2017 will be a breakthrough year for machine learning, with capabilities evolving from smartphones to also arrive in drones, tablets, cars, internet of things, and AR and VR devices.
According to Deloitte’s Technology, Media and Telecommunications (TMT) predictions, more than 300m smartphones – or more than one-fifth of phones sold globally in 2017 – will come with machine learning capabilities.
But in addition to smartphones, other mobile devices will be able to perform machine learning tasks even without connectivity.
Machine learning capabilities are forecast to arrive in tens of millions of drones, tablets, cars, VR or AR devices, medical tools, internet of things (IoT) devices and unforeseen new technologies.
“Machine learning is fascinating as it will revolutionise how we conduct simple tasks like translating content, but it also has major security and health consequences that can improve societies around the world,” said Richard Howard, TMT partner at Deloitte Ireland.
“For example, mobile machine learning is a strong entry point to improve responses to disaster relief, help save lives with autonomous vehicles and even turn the tide against the growing wave of cyberattacks.”
ITaaS to take 35pc of IT spend
As well as the evolution of machine learning, Deloitte predicts that by the end of 2018, spending on IT as a Service (ITaaS) for data centres, software and services will reach in excess of €520bn worldwide, up from €344bn in 2016.
Although flexible consumption-based business models will not be ubiquitous by 2018, at over a third of all IT spending (35pc), they’re expected to reach almost half a trillion euro and grow rapidly. This shift will begin to transform how the IT industry markets, sells and buys technology across businesses worldwide.
“While Ireland is ahead of the curve in the adoption of IT as a Service, we expect to see [this] increase at the large enterprise level, where adoption to date has been behind the industry average,” Howard said.
“While Ireland has benefited from the need for increased global storage capacity in the form of data centres, we are seeing the indigenous tech sector benefiting from ancillary services such as analytics and security software.”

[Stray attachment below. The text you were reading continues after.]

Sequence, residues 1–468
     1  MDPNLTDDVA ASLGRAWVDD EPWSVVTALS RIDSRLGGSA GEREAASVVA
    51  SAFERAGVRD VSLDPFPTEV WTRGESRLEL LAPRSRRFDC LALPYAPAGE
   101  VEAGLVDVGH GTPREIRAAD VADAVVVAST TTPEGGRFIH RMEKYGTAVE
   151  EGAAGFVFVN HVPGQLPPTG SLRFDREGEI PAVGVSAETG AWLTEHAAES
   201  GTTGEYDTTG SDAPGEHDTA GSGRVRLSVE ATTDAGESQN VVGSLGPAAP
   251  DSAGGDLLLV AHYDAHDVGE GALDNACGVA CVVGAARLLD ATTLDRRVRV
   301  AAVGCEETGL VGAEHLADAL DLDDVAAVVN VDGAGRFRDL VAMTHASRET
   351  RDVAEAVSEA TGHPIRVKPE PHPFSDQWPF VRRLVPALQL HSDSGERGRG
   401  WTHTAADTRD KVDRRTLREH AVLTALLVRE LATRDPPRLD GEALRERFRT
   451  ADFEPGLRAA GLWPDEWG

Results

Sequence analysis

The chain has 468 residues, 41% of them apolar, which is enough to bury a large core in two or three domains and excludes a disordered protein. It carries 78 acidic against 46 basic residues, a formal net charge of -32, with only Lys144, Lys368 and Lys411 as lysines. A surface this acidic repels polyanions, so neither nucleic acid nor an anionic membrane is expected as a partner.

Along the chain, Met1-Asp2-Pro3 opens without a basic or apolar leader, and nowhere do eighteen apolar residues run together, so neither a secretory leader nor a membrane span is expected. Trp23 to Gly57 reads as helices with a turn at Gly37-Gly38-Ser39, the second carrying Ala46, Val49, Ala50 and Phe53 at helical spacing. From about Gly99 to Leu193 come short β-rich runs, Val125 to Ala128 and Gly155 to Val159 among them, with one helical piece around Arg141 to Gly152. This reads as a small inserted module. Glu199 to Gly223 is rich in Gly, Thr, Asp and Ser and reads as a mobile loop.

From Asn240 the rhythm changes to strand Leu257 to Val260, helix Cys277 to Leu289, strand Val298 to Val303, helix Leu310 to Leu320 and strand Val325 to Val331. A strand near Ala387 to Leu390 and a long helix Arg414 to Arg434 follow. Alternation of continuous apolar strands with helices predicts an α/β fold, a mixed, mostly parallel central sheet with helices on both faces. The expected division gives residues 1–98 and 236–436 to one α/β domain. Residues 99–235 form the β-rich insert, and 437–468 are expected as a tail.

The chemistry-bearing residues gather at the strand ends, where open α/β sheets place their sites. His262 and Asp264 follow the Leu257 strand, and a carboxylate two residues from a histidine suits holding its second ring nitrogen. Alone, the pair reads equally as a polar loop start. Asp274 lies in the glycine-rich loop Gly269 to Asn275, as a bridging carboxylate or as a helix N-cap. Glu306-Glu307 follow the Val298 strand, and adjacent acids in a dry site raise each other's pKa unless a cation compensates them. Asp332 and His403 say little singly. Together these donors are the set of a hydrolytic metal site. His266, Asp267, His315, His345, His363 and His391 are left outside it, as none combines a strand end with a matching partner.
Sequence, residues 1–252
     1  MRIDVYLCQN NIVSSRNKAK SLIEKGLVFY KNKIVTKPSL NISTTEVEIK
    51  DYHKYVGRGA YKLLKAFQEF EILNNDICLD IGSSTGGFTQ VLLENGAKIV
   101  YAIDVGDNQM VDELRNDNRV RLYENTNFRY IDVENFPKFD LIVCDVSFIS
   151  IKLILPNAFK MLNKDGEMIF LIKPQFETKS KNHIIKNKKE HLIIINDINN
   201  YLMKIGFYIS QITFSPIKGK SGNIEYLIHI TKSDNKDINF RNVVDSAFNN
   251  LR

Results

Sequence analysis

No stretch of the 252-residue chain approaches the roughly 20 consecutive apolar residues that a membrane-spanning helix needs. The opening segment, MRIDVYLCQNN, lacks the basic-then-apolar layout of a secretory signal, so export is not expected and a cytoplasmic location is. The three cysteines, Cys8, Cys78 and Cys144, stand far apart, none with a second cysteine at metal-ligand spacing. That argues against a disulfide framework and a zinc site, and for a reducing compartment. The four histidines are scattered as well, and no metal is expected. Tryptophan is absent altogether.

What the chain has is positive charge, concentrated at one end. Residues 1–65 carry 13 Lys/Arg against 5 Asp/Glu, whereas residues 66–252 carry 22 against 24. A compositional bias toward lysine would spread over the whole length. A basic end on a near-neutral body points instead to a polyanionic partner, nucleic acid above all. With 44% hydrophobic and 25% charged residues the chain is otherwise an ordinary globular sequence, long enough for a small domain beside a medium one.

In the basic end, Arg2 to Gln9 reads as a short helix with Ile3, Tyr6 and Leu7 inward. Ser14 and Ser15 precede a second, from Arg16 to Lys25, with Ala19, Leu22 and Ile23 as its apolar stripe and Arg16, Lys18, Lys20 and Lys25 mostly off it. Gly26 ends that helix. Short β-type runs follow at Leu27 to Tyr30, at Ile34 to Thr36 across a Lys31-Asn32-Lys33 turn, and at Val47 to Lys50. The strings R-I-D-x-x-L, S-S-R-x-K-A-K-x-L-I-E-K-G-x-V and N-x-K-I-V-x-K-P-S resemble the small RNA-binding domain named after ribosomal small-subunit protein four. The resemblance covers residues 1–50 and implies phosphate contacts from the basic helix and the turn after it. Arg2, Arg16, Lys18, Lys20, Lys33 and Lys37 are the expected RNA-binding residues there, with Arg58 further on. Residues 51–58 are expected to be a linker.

5G road opens up
The fifth generation of cellular networks – 5G – is also set to be transformed in 2017 due to planned upgrades to 4G networks.
The first limited 5G deployments should acquaint users and operators with several of the most important features of 5G networks, including significantly higher speeds, lower latency, and support for low-power low-bitrate IoT devices and sensors.
While 5G will provide multi-gigabyte download speeds, the cost of upgrading networks and the need for a larger number of mobile cells may mean the technology will be deployed in large urban areas initially.
Security in the terabit era
2017 will also be a pivotal year for cybersecurity as distributed denial of service (DDoS) attacks become larger in scale and harder to mitigate.
Last year saw DDoS attacks occur at an unprecedented scale, including attacks harnessing IoT devices on Deutsche Telekom, data centre firm OVH and US infosec journalist Brian Krebs of Krebs on Security.
But these are just the tip of the iceberg.
Deloitte is expecting attacks to reach an average scale of one terabit per second each month, more than 10m attacks in total, and an average attack size of between 1.25 and 1.5 gigabits per second.
This escalation in the DDoS threat is largely due to the growing number of IoT devices; online availability of malware methodologies, which allow relatively unskilled attackers to corral insecure IoT devices and use them to launch attacks; and access to ever higher bandwidth speeds.
Deloitte also predicts that the active base of fingerprint reader-equipped devices will likely top 1bn for the first time in early 2017, with each active sensor used an average of 30 times a day, implying over 10trn aggregate presses globally over the year.
With the rapid pace of access and adoption of this technology, the challenge is to determine which additional applications could use fingerprint readers and other biometric inputs to provide rapid and secure authentication.
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